Q: Hi, Caylei! I want to plan a vacation for my husband who is fighting cancer and the rest of my family. The thought of traveling too far from our home in the Midwest or doing anything strenuous stresses me out. I want us all to be able to relax and have fun, but worry that his health concerns and finding accessible options will make the trip too stressful and expensive. What could we do that is affordable and not too taxing for our family?
A: Wanting to provide excellent care for your husband shouldn’t hold you back from the relaxation and rejuvenation your family deserves. While the idea of traveling with cancer may be daunting—if impossible for some—for others, the rewards of travel can be liberating, healing, and well worth the effort. Many cancer patients and survivors can and do travel. Several primary factors explain this.
Cancer concierge services, programs, and cancer-care personal assistants make traveling post-diagnosis easier. An increasing number of destinations cater to individuals with special needs. From spas to fly fishing, to hiking and cruises, more and more companies see the value in supplying services and support for those with special medical requirements. Whether you are looking for a quick departure from the treatment routine or a full-fledged getaway, we have some sterling ideas!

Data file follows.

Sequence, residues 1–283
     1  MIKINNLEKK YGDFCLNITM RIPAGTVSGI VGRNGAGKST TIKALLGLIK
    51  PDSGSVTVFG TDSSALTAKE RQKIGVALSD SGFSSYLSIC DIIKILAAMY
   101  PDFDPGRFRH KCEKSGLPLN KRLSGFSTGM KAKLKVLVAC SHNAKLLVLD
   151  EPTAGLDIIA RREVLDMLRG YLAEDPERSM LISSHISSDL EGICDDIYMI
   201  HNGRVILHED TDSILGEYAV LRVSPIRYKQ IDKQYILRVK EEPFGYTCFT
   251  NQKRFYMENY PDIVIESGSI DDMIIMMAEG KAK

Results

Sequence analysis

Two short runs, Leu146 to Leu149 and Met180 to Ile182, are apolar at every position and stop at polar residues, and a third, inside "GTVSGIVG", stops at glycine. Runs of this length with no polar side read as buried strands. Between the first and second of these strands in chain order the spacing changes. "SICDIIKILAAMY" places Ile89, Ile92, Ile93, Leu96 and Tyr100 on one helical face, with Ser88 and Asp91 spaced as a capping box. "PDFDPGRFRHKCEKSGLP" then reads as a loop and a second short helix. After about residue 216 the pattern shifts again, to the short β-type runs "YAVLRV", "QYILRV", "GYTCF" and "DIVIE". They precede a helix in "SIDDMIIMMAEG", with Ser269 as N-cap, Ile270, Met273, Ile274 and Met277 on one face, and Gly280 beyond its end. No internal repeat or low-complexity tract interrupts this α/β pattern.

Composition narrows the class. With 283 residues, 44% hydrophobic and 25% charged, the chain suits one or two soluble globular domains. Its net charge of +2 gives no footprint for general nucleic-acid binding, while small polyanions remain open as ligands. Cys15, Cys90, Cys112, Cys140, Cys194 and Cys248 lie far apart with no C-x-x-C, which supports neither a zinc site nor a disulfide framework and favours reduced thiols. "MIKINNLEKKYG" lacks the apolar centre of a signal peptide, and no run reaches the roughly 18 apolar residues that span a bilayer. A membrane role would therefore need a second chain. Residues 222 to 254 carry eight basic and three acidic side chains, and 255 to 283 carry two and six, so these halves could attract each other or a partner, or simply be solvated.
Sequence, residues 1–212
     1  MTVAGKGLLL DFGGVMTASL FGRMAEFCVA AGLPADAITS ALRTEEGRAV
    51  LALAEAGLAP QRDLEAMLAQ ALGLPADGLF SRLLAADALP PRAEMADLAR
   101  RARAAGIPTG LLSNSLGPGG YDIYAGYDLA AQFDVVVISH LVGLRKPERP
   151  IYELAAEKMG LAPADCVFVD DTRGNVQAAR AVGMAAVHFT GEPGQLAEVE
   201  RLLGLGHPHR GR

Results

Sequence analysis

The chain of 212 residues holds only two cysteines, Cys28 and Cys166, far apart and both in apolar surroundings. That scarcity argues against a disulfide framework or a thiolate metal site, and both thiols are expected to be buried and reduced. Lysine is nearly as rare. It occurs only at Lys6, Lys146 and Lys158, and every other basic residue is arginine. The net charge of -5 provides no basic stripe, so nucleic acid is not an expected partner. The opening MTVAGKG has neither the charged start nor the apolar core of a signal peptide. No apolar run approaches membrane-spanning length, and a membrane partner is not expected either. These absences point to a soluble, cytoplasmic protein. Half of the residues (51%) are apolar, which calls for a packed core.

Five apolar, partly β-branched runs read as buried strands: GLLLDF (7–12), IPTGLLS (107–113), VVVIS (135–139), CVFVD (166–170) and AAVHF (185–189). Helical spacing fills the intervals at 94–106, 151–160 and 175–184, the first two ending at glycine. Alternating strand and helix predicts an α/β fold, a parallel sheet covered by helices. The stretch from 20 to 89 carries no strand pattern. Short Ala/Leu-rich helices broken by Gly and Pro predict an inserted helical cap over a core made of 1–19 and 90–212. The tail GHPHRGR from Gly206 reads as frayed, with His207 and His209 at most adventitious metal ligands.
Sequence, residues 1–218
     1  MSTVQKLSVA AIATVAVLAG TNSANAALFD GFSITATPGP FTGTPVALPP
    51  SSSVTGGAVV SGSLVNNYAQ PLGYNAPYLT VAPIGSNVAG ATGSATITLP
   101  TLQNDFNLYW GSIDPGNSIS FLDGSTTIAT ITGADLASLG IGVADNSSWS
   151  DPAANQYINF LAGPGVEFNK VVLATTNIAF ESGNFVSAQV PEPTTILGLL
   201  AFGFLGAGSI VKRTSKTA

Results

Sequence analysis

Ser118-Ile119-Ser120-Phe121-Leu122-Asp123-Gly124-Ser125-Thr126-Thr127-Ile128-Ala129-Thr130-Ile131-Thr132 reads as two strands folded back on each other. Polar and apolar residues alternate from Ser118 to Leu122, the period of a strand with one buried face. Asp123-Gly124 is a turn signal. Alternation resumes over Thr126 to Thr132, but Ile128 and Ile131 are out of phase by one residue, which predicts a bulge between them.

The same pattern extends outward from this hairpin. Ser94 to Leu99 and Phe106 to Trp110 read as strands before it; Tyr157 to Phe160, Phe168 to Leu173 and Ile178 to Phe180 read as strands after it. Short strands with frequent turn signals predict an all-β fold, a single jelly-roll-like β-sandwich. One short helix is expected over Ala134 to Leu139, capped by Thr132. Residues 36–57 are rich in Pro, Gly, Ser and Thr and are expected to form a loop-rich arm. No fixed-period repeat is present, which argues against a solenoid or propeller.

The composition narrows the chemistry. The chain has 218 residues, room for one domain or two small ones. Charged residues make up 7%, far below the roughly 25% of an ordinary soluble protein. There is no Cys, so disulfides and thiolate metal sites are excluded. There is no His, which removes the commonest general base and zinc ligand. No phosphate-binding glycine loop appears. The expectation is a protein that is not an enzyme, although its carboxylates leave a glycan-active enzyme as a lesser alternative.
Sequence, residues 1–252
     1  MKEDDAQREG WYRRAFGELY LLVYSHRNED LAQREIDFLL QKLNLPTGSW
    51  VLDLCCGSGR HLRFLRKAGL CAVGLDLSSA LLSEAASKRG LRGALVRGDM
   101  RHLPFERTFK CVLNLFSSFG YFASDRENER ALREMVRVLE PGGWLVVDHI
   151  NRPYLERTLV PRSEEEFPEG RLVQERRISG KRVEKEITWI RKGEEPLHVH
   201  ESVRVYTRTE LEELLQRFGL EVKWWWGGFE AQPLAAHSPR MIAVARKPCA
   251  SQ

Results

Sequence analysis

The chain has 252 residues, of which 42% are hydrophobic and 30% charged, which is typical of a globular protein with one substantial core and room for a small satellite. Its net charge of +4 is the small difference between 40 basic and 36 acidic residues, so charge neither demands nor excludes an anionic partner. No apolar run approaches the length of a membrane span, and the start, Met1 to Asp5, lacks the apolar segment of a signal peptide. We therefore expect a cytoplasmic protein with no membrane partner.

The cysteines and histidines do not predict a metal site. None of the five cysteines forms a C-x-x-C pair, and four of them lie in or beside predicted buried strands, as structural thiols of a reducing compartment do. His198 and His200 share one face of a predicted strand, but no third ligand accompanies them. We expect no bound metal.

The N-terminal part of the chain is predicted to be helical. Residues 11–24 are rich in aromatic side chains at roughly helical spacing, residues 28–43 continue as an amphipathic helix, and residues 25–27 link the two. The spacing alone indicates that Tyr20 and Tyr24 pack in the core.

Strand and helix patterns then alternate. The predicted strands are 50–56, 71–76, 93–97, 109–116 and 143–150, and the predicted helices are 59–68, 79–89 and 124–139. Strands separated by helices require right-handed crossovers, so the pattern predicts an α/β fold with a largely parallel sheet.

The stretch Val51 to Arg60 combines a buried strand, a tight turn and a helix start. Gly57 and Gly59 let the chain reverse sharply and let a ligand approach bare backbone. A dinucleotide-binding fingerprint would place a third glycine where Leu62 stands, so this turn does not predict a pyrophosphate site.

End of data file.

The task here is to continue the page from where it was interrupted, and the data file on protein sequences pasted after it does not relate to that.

One great option for a Midwest vacation is the Ravinia Festival. Known locally as simply “Ravinia,” this festival resides just 25 miles north of Chicago in the quaint town of Highland Park. Ravinia is the oldest music festival in the United States and is open year-round, though it is truly impressive during the summer with world-class music, dance, and theatrical performances. Ravinia is an ideal destination for individuals with varying levels of health concerns. Winding pathways criss-cross through layers of lawn seating, which are all wheelchair accessible, as is seating in the Pavilion, the Martin Theatre, and Bennett Gordon Hall. Several fantastic dining options are available for seated service or an impromptu picnic.
Park and ride shuttles are wheelchair accessible. Metra service from downtown Chicago drops off passengers at the park entrance. Explore more at Ravinia’s website. For additional information about accessibility, mobility carts, and reserved wheelchair spots, you can email Ravinia’s Accessibility Coordinator at [email protected].
During your trip to Chicago, here are some other accessible options: the Art Institute of Chicago, the Museum of Science and Industry, the Shedd Aquarium, the Chicago Botanic Garden (which is next to Ravinia), the Lincoln Park Zoo, Navy Pier, and Willis Tower with the Chicago Skydeck for excellent sightseeing. Other great options include attending a Chicago Bears game at Soldier Field or a Cubs game in Wrigleyville, visiting the set of “Chicago Fire,” or seeing some great theater from Broadway in Chicago.